Kluane National Park and Reserve covers 8,499 square miles of the southwest corner of the smallest and westernmost of Canada’s territories – the Yukon. Kluane National Park and Reserve, which was established in 1972, consists of two units of the national park system that sit near the Alaskan border. Like Waterton Lakes National Park and Glacier National Park, which form the Waterton-Glacier International Peace Park. Kluane, Wrangell-St. Elias, Glacier Bay, and Tatshenshini-Alsek Parks form a 24,205,983-acre international park system.
In 1979, the Kluane / Wrangell–St. Elias / Glacier Bay / Tatshenshini-Alsek park system, which contains the largest non-polar icefield in the world, was designated a UNESCO World Heritage Site to recognize the region’s spectacular glacial landscape and icefields, as well as its grizzly bear, caribou, and Dall’s sheep habitat.
Kluane National Park and Reserve is a park packed with superlatives. Almost the entire park (83% to be exact) is covered in ice and mountains. Over 2,000 glaciers, some of which measure a kilometer thick, are scattered throughout the landscape. The park also houses Canada’s highest point and the second tallest peak in North America, Mount Logan, which reaches an impressive height of 19,596 feet.
Kluane’s mountainous landscape is dominated by two northwest-southeast trending mountain systems – the St. Elias Mountains in the southwest and a narrow front ridge of the St. Elias Mountains, the Kluane Ranges, in the northeast. The high, rugged, and heavily glaciated St. Elias Mountains contain noteworthy glaciers like the Steele, Kaskawulsh, and Lowell glaciers, as well some of the park’s tallest summits like Mount Logan, Mount St. Elias, King Peak, Mount Vancouver, Mount Hubbard, and Mount Steele. The Kluane Ranges, a shorter and more rounded set of summits, is separated from the St. Elias Mountains by the Duke Depression and contains peaks averaging 6,000 feet in elevation. This part of the park is more densely vegetated and is inhabited by more wildlife than the rest of the park.
Aside from its mostly unclimbed, glaciated peaks, vast ice fields, crystalline lakes, and spectacular glaciers, Kluane National Park and Preserve is well-known for its wildlife. Caribou, grizzly bear, black bear, Dall sheep, Yukon moose, wolverine, arctic ground squirrel, and mountain goat are a few of the well-known residents of the park. Some 150 bird species, including golden and bald eagles, also inhabit this isolated tundra.
Despite the park’s relative isolation and unforgiving climate, archaeologists believe humans, specifically the Tutchone, lived in the area after the last ice age. Explorers, hunters, and prospectors settled near Kluane beginning in the 1890s and after the completion of the Alaska Highway in 1942, the area saw a significant increase in development.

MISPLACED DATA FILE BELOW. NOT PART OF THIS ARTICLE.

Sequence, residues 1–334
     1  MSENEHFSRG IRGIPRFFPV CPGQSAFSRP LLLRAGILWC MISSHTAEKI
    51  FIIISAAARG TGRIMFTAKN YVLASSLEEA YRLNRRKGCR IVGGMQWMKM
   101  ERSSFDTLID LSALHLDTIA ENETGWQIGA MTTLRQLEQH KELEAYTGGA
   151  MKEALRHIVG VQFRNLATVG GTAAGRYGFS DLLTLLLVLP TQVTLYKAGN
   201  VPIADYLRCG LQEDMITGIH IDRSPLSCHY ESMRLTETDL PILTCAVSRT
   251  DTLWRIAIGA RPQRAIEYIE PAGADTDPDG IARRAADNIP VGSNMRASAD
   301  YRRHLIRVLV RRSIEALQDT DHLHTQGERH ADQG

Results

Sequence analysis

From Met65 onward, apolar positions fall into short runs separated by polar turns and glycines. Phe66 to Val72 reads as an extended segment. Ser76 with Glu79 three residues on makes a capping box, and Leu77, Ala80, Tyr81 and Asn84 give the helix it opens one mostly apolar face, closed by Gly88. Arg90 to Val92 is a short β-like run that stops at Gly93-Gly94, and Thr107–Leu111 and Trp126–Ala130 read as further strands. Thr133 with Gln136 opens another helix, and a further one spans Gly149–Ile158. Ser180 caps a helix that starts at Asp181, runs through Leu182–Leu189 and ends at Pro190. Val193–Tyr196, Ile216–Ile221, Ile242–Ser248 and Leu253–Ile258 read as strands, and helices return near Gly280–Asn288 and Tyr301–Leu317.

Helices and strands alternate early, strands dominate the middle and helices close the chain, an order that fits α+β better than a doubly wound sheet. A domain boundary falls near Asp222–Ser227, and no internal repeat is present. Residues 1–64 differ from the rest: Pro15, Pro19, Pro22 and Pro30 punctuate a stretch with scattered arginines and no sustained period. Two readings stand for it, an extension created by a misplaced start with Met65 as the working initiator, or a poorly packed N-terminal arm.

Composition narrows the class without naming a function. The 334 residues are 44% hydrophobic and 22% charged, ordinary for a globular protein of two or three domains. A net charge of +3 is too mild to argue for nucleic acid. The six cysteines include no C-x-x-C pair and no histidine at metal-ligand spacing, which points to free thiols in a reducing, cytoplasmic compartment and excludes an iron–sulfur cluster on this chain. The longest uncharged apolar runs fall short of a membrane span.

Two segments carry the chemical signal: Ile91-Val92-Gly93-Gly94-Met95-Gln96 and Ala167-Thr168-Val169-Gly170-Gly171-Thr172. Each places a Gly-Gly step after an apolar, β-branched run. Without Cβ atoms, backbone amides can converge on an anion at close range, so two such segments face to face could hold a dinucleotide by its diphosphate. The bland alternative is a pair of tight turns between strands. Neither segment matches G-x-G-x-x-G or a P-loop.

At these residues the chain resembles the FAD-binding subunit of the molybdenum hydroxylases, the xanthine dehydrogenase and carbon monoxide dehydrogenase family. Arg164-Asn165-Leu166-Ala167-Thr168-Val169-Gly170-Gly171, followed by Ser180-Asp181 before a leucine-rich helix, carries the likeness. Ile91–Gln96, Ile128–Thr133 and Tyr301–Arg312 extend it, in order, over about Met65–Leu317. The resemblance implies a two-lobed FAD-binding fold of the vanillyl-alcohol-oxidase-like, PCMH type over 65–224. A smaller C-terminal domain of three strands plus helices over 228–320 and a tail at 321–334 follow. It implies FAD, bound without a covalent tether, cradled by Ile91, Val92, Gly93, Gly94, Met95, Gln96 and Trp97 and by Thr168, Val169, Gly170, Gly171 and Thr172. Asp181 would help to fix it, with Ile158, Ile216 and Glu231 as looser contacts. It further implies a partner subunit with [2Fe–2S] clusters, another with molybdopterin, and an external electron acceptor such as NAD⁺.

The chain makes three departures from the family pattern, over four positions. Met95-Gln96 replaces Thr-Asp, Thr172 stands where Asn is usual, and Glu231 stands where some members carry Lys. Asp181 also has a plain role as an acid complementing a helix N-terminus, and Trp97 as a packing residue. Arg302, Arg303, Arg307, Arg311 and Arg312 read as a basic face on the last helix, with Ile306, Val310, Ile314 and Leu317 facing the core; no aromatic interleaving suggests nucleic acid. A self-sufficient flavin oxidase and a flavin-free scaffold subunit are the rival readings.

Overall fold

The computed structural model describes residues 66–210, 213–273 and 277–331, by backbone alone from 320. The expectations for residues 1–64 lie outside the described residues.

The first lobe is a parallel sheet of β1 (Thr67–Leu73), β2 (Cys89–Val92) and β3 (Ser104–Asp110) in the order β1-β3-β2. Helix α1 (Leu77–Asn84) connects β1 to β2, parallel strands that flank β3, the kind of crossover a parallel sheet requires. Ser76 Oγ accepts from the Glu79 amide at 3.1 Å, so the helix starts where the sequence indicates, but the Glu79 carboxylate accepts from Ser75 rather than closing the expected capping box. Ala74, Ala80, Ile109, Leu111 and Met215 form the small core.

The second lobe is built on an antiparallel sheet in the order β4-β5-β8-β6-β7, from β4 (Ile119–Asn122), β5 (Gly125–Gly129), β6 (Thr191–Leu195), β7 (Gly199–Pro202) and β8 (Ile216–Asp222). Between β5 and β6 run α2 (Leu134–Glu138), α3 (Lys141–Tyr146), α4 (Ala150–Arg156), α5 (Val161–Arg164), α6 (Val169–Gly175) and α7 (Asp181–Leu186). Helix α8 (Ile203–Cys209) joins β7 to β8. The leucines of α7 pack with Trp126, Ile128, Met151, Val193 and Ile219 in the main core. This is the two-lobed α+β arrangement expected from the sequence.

Today, Kluane remains a mostly untamed wilderness teeming with natural grandeur. In fact, most of the park is not accessible by road, so you can expect to fly in via a small Cessna or helicopter. Alternatively, visitors can reach Haines Junction by driving the Alaska Highway or Haines Road. Both roads parallel the park boundary. However, to access the heart of the park requires traveling by air, foot, raft, or skis.
It’s important to note that Kluane National Park and Reserve contains mostly routes, rather than trails. What’s the difference? Trails are generally marked, signed, or visible. A route is not marked or maintained, so good navigational skills are needed.
Fortunately, there are a number of footpaths to choose from ranging from short strolls to multi-day route-finding adventures. Just keep in mind, Kluane is a remote wilderness park and visitors are expected to be self-sufficient.
To give your legs a break, spend some time at Kathleen Lake, a road accessible lake that offers a scenic waterfront day-use area, boat launch, and 39 campsites with potable water.
Known as the gateway to the Kluane National Park and Reserve, Haines Junction is a small community that lies within the traditional territory of the Champagne and Aishihik First Nations. The village, which sits amidst the grandeur of the St. Elias Mountains, houses the Kluane National Park Visitor Center, a number of fascinating cultural exhibits, and offers unforgettable flightseeing and rafting excursions into the park. So, whether you’re looking to head into the backcountry, take a scenic flight over iconic St. Elias summits, or drive along the famed Alaska Highway, Haines Junction is an excellent starting point for your adventure.
Nestled beside Bear Creek in the Alsek Valley, The Mount Logan Lodge sits west of Haines Junction along the Alaska Highway. The main lodge is a quaint log building with a handful of rooms and suites. There are also a few unique accommodations scattered throughout the property, including a yurt, a converted school bus, and an authentic gold rush era log cabin. In the morning, guests can enjoy a complimentary breakfast made with fresh ingredients grown in the lodge’s innovative greenhouse. Mount Logan Lodge is close to both Haines Junction and Kathleen Lake, making it the perfect option for exploring popular trails in the park.
The Dalton Trail Lodge sits approximately 40 km (24 miles) south of Haines Junction and is a popular basecamp for exploring the southern part of Kluane National Park and Reserve. The lodge is not only one of the more ‘upscale’ options near the park, it’s also close to the Rock Glacier trail, King’s Throne, and Kathleen Lake. The Dalton Trail Lodge is nestled on the shores of Dezadeash Lake, making it particularly popular for fishing, and offers visitors fully equipped two-bedroom cabins.